Letters

Response: ‘Assessing the risk of doing nothing’

August 31, 2017

To the Editor,

The Ontario Forest Industries Association is the provincial trade association representing Ontario’s forest sector. For 75 years, OFIA has represented forestry companies ranging from multinational corporations, to family-owned businesses that operate across Ontario. The forestry community is deeply rooted in every region of Ontario and has been connecting and supporting families for over 150 years. Today, Ontario’s forest sector directly supports 57,000 men and women across the province.

Our sector has received an overwhelming amount of support from municipalities, chambers of commerce, and First Nations in order to develop balanced and evidence-based government policy.  We would also like to thank and acknowledge the Minister of Natural Resources and Forestry Kathryn McGarry, for her commitment to a better understanding of the impacts of climate change, the cumulative effects of all activity on a broad, dynamic landscape and a better appreciation of the socio-economic implications of provincial species at risk policy.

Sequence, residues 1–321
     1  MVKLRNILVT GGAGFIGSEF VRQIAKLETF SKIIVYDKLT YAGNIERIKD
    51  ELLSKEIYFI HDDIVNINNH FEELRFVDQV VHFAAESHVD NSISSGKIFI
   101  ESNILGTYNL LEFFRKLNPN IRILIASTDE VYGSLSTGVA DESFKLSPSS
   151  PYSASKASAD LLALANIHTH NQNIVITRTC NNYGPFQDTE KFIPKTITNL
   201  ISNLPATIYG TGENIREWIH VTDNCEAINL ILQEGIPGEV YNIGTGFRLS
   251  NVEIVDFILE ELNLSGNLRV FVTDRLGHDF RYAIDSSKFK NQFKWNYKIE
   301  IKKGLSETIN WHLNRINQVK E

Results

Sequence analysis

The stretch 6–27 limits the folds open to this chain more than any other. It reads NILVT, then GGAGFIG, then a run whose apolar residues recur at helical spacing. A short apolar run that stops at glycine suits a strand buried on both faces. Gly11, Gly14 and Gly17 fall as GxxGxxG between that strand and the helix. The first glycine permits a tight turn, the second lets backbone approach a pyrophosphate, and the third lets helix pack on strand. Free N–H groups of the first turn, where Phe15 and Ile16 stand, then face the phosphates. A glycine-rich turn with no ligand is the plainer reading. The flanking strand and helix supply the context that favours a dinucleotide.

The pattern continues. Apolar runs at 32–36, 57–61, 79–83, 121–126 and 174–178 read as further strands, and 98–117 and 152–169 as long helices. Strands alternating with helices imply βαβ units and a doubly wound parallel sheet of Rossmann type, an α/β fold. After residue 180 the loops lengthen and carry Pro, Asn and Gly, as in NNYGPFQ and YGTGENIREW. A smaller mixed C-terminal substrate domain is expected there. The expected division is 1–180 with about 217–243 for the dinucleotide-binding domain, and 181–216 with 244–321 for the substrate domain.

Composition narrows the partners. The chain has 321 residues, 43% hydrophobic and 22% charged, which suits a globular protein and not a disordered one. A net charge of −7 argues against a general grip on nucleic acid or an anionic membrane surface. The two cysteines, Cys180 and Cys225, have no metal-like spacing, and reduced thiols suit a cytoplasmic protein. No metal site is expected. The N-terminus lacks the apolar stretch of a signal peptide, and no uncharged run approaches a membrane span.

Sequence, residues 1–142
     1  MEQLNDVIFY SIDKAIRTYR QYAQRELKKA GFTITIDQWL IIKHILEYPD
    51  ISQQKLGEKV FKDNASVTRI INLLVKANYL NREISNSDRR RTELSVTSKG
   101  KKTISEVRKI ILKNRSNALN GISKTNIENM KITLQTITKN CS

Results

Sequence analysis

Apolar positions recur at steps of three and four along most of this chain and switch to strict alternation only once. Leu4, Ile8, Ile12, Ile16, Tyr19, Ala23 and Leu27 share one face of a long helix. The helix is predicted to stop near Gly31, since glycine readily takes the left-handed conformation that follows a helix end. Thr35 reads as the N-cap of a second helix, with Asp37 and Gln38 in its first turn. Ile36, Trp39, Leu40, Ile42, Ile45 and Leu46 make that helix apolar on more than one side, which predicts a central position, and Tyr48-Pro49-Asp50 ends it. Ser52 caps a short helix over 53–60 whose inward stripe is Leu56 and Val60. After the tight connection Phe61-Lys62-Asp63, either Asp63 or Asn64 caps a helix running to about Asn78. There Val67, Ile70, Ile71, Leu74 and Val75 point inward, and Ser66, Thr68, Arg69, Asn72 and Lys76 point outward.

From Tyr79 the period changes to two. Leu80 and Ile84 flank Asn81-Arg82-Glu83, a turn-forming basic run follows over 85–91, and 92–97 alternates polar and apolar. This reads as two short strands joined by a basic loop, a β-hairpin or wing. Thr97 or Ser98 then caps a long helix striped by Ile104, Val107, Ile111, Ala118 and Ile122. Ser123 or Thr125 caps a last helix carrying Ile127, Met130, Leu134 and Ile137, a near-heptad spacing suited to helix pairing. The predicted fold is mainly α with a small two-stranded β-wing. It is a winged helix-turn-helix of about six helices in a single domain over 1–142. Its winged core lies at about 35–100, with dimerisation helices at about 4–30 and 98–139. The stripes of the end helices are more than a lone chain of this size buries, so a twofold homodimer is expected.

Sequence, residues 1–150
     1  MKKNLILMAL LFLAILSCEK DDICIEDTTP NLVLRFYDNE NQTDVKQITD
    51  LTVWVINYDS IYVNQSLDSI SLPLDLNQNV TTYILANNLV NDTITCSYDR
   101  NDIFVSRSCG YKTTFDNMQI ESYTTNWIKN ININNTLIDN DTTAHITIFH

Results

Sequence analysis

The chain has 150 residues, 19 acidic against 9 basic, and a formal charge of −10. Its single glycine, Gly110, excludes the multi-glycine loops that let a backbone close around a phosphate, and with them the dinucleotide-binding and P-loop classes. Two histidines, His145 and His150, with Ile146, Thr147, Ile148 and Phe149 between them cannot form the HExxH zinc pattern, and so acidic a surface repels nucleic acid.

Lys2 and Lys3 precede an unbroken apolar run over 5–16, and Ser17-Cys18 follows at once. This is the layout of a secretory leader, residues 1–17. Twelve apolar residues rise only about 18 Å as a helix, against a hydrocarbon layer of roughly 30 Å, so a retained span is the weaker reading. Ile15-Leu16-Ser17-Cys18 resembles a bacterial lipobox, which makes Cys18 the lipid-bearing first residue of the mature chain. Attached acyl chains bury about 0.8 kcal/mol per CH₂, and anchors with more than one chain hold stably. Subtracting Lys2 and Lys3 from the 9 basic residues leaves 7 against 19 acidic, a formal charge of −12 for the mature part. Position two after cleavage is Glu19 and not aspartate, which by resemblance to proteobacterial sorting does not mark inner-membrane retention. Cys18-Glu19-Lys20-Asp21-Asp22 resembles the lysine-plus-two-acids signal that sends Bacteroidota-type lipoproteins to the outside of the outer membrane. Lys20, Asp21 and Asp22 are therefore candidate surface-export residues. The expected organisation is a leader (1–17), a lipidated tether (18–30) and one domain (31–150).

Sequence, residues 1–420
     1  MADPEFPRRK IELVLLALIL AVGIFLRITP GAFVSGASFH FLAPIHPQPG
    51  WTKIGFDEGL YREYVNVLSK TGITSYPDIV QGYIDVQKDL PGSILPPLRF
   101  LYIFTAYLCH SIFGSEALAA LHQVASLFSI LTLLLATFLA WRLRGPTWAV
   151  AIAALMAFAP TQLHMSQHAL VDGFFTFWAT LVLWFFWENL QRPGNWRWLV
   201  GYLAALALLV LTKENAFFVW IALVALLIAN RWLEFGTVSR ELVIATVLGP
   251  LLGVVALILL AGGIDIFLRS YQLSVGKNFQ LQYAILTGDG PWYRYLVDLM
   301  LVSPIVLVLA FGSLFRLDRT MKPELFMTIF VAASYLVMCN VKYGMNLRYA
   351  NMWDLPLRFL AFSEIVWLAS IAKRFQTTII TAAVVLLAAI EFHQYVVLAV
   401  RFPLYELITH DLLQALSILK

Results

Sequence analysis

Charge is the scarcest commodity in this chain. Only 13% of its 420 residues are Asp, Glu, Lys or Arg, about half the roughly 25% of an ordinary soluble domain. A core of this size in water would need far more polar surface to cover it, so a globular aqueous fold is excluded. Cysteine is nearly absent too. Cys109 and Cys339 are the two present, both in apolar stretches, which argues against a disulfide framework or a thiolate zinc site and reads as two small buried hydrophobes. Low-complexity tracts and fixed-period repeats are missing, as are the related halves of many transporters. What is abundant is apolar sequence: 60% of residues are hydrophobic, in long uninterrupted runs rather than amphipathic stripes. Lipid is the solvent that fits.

Our world-class sustainable forest management program has served Ontario well by protecting, conserving, and managing all species, including species at risk. The current Section 55 Rules in Regulation mechanism, or the “exemption regulation,” that Ontario’s forest sector currently operates under does not provide an exemption from managing species at risk. In fact, there are currently very specific and onerous rules that forest managers must follow in order to protect species at risk, including the Blanding’s turtle, Massasauga rattlesnake and the woodland caribou.  None of these species, however, are “on the brink of extinction.”

Central to our concern has been the lack of consultation with municipalities and First Nations, the need to incorporate traditional ecological knowledge, the effects of climate change on species at risk, and the livelihood of 57,000 people and their families directly employed by the sector in Ontario. Regardless of what activists might think, sustainability has three pillars: social, economic, and environmental.  I strongly believe forestry, as currently practised in Ontario, is society’s best example of sustainable development.

I would also like to thank members of Bancroft council for considering passing a resolution in support of our sector and realize that our concern is the sustainability of our Crown forests. Let’s keep people working in our most green and renewable sector – forestry.

Ian Dunn, RPF

Ontario Forest Industries Association

         

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